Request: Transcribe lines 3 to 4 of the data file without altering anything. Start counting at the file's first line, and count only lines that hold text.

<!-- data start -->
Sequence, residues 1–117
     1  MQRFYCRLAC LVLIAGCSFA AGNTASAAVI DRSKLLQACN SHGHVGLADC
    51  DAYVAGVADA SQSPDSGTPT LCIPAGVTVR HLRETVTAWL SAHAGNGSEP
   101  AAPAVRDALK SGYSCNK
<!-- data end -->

    51  DAYVAGVADA SQSPDSGTPT LCIPAGVTVR HLRETVTAWL SAHAGNGSEP
   101  AAPAVRDALK SGYSCNK